Japan's factory output picked up in April and deflation abated slightly as a weaker yen and firmer overseas demand boosted growth, boding well for Prime Minister Shinzo Abe's efforts to shake the world's third-largest economy out of nearly two decades of stagnation.
But core consumer prices continued to fall and manufacturers forecast further weakness ahead, government data showed on Friday, underscoring the challenges the Bank of Japan, under new Governor Haruhiko Kuroda, faces in meeting its 2-percent inflation target.
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"The deflationary trend shows no signs of changing," said Yuichi Kodama, chief economist at Meiji Yasuda Life Insurance in Tokyo. He forecast the economy will continue to recover through the latter part of the fiscal year to March 2014.
"However, expectations for deflation, deeply embedded among the public, are very persistent," Kodama said. "It appears quite difficult for monetary easing implemented by Governor Kuroda to achieve a positive cycle of inflation and economic recovery."
Kuroda's BOJ unleashed the world's most intense burst of stimulus in April, promising to inject $1.4 trillion into the economy in less than two years to meet its pledge of achieving 2 percent inflation in roughly two years.
The move has bolstered Japanese share prices to five-year highs. But the massive scale of the BOJ's buying jolted bond markets and pushed up yields, casting doubt on the effectiveness of its policy aimed at slashing borrowing costs.
Core consumer prices, which include oil but exclude volatile costs for fresh food, fell 0.4 percent from a year earlier, matching the median market forecast. The sixth straight fall was a bit narrower than the 0.5 percent decline in March.
Industrial output rose 1.7 percent in April from March for a fifth consecutive increase, the Ministry of Economy, Trade and Industry said, as a pick-up in exports prompts companies to increase production. It marked the longest streak of gains since production rose between March 2009 and April 2010.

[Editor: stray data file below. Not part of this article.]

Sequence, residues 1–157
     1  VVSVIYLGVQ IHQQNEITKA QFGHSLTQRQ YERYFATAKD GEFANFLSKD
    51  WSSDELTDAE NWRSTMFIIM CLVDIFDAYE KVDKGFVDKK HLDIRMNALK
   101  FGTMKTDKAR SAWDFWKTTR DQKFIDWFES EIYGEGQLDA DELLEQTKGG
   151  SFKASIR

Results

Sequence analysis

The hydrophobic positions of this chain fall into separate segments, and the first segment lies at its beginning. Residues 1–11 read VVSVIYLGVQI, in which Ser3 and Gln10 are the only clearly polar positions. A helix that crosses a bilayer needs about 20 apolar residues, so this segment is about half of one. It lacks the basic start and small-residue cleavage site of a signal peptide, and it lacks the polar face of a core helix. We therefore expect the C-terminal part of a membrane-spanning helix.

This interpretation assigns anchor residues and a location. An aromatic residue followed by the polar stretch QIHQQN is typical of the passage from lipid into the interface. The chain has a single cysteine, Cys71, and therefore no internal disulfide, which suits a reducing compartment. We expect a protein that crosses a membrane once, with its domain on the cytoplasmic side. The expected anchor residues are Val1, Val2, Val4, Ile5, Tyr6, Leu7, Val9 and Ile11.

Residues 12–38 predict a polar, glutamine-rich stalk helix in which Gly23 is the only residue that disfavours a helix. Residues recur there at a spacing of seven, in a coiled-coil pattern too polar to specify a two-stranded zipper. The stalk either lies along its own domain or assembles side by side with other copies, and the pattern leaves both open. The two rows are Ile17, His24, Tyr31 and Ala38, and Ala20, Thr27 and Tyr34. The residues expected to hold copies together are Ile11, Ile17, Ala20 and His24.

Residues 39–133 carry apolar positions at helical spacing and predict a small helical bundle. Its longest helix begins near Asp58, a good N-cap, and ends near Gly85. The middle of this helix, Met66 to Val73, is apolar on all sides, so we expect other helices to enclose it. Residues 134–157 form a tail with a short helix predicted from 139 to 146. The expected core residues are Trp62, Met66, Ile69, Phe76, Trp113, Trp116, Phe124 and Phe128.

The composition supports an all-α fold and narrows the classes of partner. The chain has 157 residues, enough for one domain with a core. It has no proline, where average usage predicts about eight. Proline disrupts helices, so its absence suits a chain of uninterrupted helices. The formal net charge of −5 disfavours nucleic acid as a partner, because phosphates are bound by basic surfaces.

The rise beat the market forecast for a 0.6 percent increase and was faster than the 0.9 percent rise in March. Still, in a sign that the gains remain fragile, manufacturers surveyed by the ministry forecast production to be flat in May and fall 1.4 percent in June.
Private data showed that manufacturing expanded in May at the fastest pace in almost a year.
The Markit/JMMA Japan Manufacturing Purchasing Managers Index rose to a seasonally adjusted 51.5, the highest since August, from 51.1 in April, staying above the 50 threshold that separates expansion from contraction for a third month.
STRUCTURAL REFORMS KEY
Japan's economy grew a faster-than-expected 0.9 percent in January-March from the previous quarter, as private consumption and the export rebound led a recovery from a slump last year.
Economists expect the recovery to firm up in the coming quarters backed by exports and private consumption. But risks to the outlook remain, including uncertainty in the global economy, underlined recently by a string of weak data from the United States and China, Japan's two biggest export markets.
"Abenomics," which has caused Tokyo shares to soar in recent months and the yen to fall sharply, appears to be showing early success. But the gains have been cast into doubt in the past few weeks as the bond market has become volatile and Tokyo shares have slumped sharply.
The government is under pressure to build on the improved sentiment by undertaking painful structural reforms, such as deregulation, to foster more sustainable growth.
A key test will be whether Abe proceeds with a plan to double the nation's sales tax in stages to 10 percent. Comments from within Abe's ruling party appeared to cast doubt on his resolve, but Finance Minister Taro Aso stuck to his guns on Friday.
Aso told a regular news conference he doesn't see any chance now of postponing the tax increase and that with the move, "we can ensure the path towards restoring Japan's fiscal health."
The OECD said on Wednesday that any delay by Japan's government in repairing public finances would raise the risk of a spike in Japan's long-term yields, as its central bank pursues massive quantitative easing through purchases of government bonds.
(Additional reporting by Stanley White; Writing by William Mallard; Editing by Shri Navaratnam)